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June 6, 2005 Observer Newsletter: The future of ECW, Simon Inoki named NJPW president

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The return of the ECW name, spurred on by the strong DVD sales of "The Rise and Fall of ECW," have led to talks about the future of the brand, or at least the spirit of the brand, more than four years after it died.

Will this be the final chapter for ECW, the beginning of a resurrection, or something in the middle?

The two shows in question are Shane Douglas' "Hardcore Homecoming" show on 6/10 at the ECW Arena, which will likely more capture the spirit of ECW, and the WWE's ECW One Night Stand show on 6/12, which will be the better wrestling show, but will include many WWE characters who never had anything to do with ECW.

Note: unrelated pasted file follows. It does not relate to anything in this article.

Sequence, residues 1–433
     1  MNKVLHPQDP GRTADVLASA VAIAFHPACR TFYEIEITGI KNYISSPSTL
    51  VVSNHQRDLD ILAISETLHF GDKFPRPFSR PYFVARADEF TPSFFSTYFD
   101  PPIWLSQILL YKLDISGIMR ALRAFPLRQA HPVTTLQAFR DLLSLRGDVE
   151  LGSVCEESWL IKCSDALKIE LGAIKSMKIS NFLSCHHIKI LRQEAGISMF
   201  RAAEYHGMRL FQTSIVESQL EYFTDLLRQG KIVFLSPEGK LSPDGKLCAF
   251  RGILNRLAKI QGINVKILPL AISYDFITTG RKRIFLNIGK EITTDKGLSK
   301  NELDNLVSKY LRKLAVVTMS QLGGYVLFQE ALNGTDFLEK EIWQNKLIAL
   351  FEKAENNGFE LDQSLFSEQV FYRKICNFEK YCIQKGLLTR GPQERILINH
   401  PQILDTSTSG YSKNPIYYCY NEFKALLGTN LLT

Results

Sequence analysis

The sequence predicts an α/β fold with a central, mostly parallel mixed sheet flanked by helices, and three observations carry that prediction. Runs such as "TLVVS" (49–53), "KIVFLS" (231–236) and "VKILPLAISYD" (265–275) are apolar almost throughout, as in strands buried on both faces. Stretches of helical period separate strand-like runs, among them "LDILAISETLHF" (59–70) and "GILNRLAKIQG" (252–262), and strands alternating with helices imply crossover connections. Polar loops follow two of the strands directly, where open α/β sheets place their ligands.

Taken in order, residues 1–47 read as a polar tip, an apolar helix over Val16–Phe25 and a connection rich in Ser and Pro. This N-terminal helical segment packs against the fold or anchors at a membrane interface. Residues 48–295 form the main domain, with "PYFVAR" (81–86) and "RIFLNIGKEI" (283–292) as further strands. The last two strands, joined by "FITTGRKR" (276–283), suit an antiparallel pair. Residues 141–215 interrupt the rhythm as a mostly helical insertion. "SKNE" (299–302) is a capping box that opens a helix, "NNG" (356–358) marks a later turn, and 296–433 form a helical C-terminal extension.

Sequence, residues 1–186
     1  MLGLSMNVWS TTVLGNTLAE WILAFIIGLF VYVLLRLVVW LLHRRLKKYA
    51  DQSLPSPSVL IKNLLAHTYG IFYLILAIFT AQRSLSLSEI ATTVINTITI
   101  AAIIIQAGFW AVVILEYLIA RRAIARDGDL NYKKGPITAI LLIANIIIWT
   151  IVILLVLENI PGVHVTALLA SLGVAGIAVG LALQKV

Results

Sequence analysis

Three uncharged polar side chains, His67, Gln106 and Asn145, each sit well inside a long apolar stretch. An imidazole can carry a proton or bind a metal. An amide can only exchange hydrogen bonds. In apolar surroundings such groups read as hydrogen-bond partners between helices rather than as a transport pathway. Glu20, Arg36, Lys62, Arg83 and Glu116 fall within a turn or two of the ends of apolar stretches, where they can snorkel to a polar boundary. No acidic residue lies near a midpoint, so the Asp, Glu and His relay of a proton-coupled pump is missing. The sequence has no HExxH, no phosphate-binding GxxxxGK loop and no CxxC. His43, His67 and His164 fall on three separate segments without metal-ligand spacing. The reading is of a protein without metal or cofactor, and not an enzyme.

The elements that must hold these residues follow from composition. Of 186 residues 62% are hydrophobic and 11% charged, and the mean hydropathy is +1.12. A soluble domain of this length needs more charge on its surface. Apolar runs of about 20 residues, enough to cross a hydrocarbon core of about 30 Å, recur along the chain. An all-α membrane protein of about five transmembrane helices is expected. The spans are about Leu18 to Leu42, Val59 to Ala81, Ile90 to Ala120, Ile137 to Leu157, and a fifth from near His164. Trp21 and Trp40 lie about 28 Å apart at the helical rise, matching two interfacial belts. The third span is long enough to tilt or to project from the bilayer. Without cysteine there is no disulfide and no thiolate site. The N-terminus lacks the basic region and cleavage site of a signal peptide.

Both shows will feature heavy juice, tables, ladders, barbed wire and promos from guys telling the fans how much they love them and that they are the reason ECW is still alive. The Douglas show, unlimited by three-hour time constraints and bizarre WWE politics, and held in the building the company made famous, will likely have the best promos and the best real emotion. It will probably have closer to the real atmosphere. But the wrestling, at the top will be suspect, and it may end up being a sad show to watch. Terry Funk is almost 61, Douglas is 43 and Sabu is 42. All are physically racked with injuries. Sabu has been inactive for 10 months and was near death at one point. Douglas rarely wrestles, and Funk is only a few months removed from heart surgery. Worse, their main event is recreating a three-way match from February 5, 1994, which put ECW and the term "three-way dance" (the term actually was created after the match, but was based on the match, and it became an ECW trademark and popularized the style of match all over the world) into wrestling lexicon. That match went 60:00, and while it wouldn't hold up on video watching today (which is immaterial because nobody goes into the ring thinking how we can use our ESP to figure out what will be in vogue for people watching 11 years later so we can do a match that "holds up" as opposed to a match that means something the day it's done), it, in hindsight, was one of the most important matches of the past 20 years. It put a company on the map, and it made Douglas and Sabu into significantly bigger stars (Douglas, perhaps more for the post-match face-to-face interview with Funk, who was a legend in wrestling nearly two decades before the match ever took place). It springboarded the company's growth to whatever it became, which to this day is a hotly debated issue. But there is no way to live up to the legend of this match, although the audience will likely be well aware of that, but this really could be ugly. Other items, like the return of The Eliminators, will put two guys together who haven't teamed in eight years and are for the most part out of the industry. It's pure nostalgia, and in wrestling, that can work and already has financially, but it can also be ugly for those watching later on tape.

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